President Obama acknowledged yesterday that the Senate may pass an energy bill this year without the cap-and-trade component he has long put at the center of his environmental agenda.
Speaking at a town hall meeting in Nashua, N.H., Obama repeated his call for a price on greenhouse gas emissions but said he recognized that such an approach may not have the votes to make it into law.
“The only thing I would say about it is this: We may be able to separate these things out,” Obama said. “And it’s conceivable that that’s where the Senate ends up. But the concept of incentivizing clean energy so that it’s the cheaper, more effective kind of energy is one that is proven to work and is actually a market-based approach.”
Byron Dorgan (D- N.D.) said he wants the Senate to pass the Energy and Natural Resources Committee bill (S. 1462) that establishes a nationwide renewable electricity standard, along with a raft of other energy incentives, including a provision that could bring oil and gas rigs closer to Florida’s Gulf Coast.
Obama said that his energy agenda is centered on promoting energy efficiency and clean energy technologies, including renewables, nuclear power and carbon capture and storage at coal-fired power plants. Cap and trade also needs to be in the mix in order to promote cleaner forms of energy at the lowest cost to industry, Obama said.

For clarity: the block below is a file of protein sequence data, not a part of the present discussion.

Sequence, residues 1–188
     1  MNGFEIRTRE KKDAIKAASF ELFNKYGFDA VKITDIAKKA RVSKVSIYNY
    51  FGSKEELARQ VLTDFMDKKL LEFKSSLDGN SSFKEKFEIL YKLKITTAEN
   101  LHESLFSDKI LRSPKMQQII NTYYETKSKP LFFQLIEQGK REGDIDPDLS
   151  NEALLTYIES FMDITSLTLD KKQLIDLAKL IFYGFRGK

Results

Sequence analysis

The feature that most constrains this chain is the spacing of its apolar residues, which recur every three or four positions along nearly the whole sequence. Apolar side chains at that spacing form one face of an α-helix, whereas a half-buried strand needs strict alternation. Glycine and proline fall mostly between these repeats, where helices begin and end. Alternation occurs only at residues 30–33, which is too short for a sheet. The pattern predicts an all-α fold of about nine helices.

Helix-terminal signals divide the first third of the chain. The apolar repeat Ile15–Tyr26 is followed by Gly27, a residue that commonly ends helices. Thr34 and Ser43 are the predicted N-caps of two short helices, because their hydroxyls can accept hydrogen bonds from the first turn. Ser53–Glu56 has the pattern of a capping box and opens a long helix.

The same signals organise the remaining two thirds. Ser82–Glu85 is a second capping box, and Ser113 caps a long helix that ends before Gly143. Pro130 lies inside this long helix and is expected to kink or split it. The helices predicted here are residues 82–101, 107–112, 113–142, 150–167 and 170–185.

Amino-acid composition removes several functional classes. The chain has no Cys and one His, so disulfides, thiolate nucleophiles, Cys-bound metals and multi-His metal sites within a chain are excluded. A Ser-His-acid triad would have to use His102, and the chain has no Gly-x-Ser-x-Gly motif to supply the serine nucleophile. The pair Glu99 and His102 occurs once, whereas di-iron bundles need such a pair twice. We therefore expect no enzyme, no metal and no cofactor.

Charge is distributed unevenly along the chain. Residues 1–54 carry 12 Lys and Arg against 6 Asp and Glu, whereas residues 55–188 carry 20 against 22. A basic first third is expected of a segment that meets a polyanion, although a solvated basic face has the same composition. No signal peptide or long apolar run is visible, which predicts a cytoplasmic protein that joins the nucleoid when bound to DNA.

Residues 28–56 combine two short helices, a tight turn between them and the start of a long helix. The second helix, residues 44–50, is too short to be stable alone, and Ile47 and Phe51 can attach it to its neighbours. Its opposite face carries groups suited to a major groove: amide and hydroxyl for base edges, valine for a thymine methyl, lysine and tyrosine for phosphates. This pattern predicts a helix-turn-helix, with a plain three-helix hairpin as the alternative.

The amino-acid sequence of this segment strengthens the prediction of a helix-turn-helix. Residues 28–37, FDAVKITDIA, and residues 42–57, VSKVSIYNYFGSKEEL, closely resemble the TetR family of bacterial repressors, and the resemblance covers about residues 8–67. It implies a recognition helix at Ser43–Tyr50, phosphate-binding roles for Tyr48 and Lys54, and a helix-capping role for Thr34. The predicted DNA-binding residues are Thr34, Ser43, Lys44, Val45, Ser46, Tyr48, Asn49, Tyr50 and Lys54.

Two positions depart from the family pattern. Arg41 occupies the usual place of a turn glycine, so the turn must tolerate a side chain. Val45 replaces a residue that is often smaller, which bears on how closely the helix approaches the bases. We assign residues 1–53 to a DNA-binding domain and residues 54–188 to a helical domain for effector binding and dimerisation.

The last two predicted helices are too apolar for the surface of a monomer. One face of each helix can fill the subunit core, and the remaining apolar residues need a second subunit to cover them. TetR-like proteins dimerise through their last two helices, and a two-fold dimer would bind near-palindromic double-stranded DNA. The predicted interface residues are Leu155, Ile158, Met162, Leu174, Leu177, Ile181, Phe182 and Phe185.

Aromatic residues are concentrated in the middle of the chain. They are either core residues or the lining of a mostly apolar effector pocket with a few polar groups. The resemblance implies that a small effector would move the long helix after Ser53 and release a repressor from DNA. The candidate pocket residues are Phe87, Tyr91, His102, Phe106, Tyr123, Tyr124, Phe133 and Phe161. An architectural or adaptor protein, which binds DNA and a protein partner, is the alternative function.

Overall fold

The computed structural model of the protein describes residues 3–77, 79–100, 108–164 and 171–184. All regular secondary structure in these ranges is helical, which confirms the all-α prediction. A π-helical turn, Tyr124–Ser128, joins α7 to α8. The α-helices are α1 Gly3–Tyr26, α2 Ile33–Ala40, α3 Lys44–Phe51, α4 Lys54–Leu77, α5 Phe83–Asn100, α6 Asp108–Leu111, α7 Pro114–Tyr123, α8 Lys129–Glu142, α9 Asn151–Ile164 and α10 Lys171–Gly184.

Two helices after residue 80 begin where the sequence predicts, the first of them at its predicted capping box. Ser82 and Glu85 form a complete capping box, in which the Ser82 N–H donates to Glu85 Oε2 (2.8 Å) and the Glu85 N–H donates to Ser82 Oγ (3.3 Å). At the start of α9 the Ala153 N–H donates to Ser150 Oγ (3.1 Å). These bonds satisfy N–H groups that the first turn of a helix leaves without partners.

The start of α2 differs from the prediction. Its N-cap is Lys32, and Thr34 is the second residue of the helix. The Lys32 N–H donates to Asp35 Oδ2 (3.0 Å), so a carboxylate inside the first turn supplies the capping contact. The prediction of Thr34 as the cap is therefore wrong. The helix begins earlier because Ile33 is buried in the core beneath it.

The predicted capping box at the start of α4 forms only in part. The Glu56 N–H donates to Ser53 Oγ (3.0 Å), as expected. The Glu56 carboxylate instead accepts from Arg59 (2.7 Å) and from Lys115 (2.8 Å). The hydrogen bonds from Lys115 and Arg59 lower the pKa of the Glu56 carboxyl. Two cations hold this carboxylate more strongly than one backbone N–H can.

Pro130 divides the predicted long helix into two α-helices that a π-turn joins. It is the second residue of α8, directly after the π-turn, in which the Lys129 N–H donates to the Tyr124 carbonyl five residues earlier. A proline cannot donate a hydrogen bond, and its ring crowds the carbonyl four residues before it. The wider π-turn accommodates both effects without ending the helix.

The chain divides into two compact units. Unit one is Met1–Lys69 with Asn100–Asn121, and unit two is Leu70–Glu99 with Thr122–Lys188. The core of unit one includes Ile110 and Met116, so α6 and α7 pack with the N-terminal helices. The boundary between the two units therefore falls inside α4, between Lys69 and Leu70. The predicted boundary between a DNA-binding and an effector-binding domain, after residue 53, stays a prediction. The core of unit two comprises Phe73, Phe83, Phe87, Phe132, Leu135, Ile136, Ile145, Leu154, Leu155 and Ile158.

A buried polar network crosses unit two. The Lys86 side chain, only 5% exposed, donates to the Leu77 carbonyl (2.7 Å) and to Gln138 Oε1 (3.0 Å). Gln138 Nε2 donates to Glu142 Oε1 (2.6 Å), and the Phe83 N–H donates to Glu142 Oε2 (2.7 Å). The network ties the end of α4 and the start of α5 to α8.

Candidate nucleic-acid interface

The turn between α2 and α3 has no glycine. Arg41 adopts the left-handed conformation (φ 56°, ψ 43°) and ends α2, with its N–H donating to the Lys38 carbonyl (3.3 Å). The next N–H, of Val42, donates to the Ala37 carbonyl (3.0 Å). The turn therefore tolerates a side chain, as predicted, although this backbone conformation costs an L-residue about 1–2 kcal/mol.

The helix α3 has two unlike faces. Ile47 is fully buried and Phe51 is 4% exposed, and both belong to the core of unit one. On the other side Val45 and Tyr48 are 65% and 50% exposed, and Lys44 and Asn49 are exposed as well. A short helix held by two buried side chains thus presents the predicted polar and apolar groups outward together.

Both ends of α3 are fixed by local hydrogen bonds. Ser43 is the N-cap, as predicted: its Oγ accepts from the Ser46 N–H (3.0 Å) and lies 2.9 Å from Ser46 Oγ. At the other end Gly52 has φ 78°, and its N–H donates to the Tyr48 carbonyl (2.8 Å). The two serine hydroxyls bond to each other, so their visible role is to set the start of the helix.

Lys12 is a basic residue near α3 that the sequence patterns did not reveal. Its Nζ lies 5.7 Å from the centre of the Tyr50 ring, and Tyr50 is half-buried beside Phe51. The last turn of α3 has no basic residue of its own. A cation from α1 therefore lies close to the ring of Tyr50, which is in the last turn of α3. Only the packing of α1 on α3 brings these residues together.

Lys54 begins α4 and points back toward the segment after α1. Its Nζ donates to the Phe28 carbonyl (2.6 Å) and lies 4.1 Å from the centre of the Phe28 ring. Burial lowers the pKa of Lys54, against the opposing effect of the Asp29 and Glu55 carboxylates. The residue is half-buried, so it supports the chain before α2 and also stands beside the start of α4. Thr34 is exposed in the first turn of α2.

Going for an energy bill alone, Obama said, is equal to saying, “let’s do the fun stuff before we do the hard stuff.”
A White House spokesman said Obama’s remarks about the Senate debate were only an “observation.”
“The president made his commitment to comprehensive energy and climate change legislation clear in last week’s State of the Union address,” the spokesman said. “Nothing has changed.”
Advocates of a broad Senate climate bill — including the cap-and-trade provisions — also were quick to downplay the president’s remarks.
“This is not a signal; this is President Obama explaining the imperative for a price on global warming pollution to drive clean energy investments,” said Dan Weiss, a senior fellow at the left-leaning Center for American Progress. “He is making the case that an energy-only bill won’t be enough to drive investment.”
“While today he’s acknowledged that some want to go the path of least resistance, he made equally clear that’s not his administration’s position,” said Sen. John Kerry (D-Mass.), the lead author of the Senate climate and energy effort.